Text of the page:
Leading cancer specialist Prof Karol Sikora said: “I think it is absolutely horrifying that hospital managers are playing around with targets that can delay treatment for people who may well be at an advanced stage of the disease.”
“I know of many cases where people who have been admitted to NHS hospitals as an emergency have languished for weeks before even seeing an oncologist,” added Prof Sikora, Medical Director of independent company CancerPartnersUK.
The British Medical Association said many trusts were bullying doctors into delaying urgent referrals.
Dr Jonathan Fielden, chairman of the BMA’s consultants committee, said: “A number of our members have already expressed fears about the two-week cancer target, because it means all the cases referred by GPs are given the same priority, regardless of whether they are expected to be benign or high risk. When this same target is delaying patients who have been admitted as an emergency that is an even greater cause for concern”.
Several oncologists said they supported two-week waiting time targets for cancer patients referred by GPs, but called for the target to be widened to include all patients.
Ian Beaumont, from charity Bowel Cancer UK said it “beggared belief” that anyone would value statistics over efforts to save lives.
Dr Jane Maher, chief medial officer at Macmillan Cancer Relief described the revelation in the report as worrying, but said the biggest obstacle to getting the right care for patients admitted to hospitals as an emergency was getting the right diagnosis, as cases were often complex, meaning cancer could be mistaken for other conditions.
Among those who have experienced the problem is Melissa Matthews was 28 when she went to the Accident and Emergency department of her local hospital.
For several days, she had been suffering abdominal pain which had left her feeling so uncomfortable that she was unable to eat. She told her family doctor, who advised her not to worry, unless she began vomiting, in which case she should go immediately to A&E.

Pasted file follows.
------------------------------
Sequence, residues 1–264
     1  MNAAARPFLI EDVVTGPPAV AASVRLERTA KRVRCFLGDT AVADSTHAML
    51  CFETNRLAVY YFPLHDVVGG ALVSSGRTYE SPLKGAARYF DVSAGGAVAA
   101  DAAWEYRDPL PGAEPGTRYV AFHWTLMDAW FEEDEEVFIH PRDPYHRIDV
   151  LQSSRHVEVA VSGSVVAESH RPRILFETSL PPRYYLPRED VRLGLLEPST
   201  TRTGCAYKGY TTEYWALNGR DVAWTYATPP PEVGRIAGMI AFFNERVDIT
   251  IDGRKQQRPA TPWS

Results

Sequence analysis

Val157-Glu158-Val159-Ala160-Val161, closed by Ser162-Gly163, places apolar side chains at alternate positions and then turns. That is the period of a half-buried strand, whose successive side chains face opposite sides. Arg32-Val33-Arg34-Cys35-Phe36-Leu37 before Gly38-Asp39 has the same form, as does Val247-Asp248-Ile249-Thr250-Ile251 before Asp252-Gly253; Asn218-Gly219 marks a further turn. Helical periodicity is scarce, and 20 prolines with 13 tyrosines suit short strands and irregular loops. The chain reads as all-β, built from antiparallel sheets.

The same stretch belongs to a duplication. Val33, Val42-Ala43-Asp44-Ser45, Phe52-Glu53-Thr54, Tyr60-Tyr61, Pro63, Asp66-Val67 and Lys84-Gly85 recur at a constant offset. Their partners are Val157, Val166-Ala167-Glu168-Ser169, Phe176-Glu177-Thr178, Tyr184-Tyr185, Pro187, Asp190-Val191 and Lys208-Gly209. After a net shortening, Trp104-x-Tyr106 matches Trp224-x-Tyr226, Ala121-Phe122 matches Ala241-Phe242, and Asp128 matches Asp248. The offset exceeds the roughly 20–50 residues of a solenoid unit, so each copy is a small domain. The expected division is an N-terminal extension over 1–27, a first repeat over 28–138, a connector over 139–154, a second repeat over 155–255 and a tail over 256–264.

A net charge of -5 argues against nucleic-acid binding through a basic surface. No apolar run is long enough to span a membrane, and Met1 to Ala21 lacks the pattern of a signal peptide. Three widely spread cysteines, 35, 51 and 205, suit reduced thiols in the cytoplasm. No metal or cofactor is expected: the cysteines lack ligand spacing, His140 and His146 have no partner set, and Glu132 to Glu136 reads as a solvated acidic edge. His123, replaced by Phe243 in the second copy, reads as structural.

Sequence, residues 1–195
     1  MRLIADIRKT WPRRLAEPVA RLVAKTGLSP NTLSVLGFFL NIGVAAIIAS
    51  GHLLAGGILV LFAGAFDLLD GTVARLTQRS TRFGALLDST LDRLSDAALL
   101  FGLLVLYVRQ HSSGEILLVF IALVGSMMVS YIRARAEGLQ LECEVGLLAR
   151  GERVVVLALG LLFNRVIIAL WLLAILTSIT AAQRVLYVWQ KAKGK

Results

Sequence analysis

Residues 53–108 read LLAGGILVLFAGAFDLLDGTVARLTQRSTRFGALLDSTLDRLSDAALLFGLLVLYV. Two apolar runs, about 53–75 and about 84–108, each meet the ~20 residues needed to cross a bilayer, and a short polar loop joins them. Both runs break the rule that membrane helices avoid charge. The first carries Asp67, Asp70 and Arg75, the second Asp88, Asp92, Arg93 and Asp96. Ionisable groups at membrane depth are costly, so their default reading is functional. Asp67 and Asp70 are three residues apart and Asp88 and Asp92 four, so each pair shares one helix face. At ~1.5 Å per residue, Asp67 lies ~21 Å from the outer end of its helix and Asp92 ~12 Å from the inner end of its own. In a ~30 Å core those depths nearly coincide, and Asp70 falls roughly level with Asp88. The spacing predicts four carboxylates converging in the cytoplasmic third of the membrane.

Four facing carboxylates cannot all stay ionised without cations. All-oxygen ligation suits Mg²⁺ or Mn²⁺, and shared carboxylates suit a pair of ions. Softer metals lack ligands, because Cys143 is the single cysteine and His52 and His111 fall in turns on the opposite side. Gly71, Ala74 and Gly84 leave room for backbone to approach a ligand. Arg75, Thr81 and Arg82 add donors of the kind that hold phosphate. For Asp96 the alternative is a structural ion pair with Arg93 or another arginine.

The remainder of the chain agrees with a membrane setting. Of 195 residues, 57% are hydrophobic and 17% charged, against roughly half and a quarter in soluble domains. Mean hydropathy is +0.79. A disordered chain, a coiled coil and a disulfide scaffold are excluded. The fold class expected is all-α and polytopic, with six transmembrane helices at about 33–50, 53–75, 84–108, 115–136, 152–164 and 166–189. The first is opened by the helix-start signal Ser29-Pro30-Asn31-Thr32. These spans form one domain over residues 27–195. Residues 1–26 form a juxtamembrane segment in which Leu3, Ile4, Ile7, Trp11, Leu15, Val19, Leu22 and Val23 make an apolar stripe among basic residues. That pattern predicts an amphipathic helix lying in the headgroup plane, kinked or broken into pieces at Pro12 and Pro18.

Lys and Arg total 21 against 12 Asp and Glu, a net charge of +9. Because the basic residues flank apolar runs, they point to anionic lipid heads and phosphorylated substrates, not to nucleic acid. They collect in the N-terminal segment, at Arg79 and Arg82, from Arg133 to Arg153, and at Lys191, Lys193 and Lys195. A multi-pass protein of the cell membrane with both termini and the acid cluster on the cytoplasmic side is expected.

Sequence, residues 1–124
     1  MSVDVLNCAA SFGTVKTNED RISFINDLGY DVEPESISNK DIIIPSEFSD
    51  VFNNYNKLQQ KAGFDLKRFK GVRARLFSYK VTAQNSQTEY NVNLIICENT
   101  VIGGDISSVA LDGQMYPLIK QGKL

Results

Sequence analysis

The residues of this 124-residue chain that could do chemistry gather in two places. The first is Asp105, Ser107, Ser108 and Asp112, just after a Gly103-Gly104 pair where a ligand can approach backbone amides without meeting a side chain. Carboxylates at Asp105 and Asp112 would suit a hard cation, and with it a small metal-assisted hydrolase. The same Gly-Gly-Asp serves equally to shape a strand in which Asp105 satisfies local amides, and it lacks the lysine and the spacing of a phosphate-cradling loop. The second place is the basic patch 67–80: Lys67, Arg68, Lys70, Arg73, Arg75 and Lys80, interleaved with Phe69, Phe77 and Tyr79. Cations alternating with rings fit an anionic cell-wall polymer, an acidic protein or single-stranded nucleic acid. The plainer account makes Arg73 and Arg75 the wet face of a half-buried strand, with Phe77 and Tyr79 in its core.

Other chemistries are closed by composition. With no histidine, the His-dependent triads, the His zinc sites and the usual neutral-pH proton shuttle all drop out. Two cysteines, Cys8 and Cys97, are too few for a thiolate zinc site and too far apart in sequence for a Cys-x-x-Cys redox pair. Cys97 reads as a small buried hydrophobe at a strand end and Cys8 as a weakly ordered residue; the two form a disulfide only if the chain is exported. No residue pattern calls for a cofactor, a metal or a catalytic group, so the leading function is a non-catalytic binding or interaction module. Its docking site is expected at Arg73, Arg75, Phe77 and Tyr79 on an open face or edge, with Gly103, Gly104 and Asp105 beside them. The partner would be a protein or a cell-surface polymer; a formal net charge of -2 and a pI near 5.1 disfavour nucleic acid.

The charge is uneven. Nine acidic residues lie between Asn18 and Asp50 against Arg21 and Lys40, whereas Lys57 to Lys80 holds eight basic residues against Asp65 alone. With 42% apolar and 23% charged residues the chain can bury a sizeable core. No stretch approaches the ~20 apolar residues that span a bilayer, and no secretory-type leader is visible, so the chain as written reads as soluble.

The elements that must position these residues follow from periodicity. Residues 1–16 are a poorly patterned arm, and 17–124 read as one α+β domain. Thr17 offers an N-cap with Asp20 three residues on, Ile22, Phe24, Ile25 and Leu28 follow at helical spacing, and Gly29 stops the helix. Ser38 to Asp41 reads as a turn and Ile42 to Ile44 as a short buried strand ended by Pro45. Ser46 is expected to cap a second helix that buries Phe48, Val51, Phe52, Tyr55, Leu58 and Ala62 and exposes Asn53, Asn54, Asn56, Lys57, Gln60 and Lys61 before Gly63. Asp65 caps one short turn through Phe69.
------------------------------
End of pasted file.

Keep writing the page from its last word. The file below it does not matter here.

When she began being sick, her partner took her to the casualty unit of Norfolk and Norwich Hospital. The couple mentioned concerns about bowel cancer, having recently watched a programme about its symptoms, but the doctor reassured her: “You are far too young to have bowel cancer; when the blood tests come back they will show that”.
The tests did not indicate a problem; Miss Matthews was sent home to Norwich and told she was probably suffering from irritable bowel syndrome.
But the pain and vomiting continued. A week later, when she was unable to even swallow water, she returned to A&E, and was admitted to a ward for five days, but sent home once more.
One week later, after she collapsed in agony at home, she was admitted to hospital again. This time, X-rays revealed a blockage. During an eight-hour operation, surgeons found a tumour so large they were forced to remove her womb and 36 inches of her bowel.
The blood tests which Miss Matthews had undergone in A&E, she later found out, were not a clear indicator of bowel cancer, or its absence after all.
Six months of chemotherapy followed Miss Matthews’ operation, after which she was given the all-clear. However, since then the cancer has returned. On Tuesday, Miss Matthews, now 30, will undergo a second operation to remove a tumour.
The mother of two girls, aged 11 and 13, says her focus now is on survival.
“I don’t feel angry about this any more, my concern is about what happens next, but I did feel very frustrated, and frightened. I thought going to A&E was the safest place to be, but I was just fobbed off”.
A hospital spokesman said patients were encouraged to complain if they were not satisfied with their care, and added that bowel cancer was rare in patients of Miss Matthews’ age.
More than 4,900 people have backed The Sunday Telegraph’s Heal Our Hospitals campaign, which is calling for a review of hospital targets to make sure they work to improve quality of care.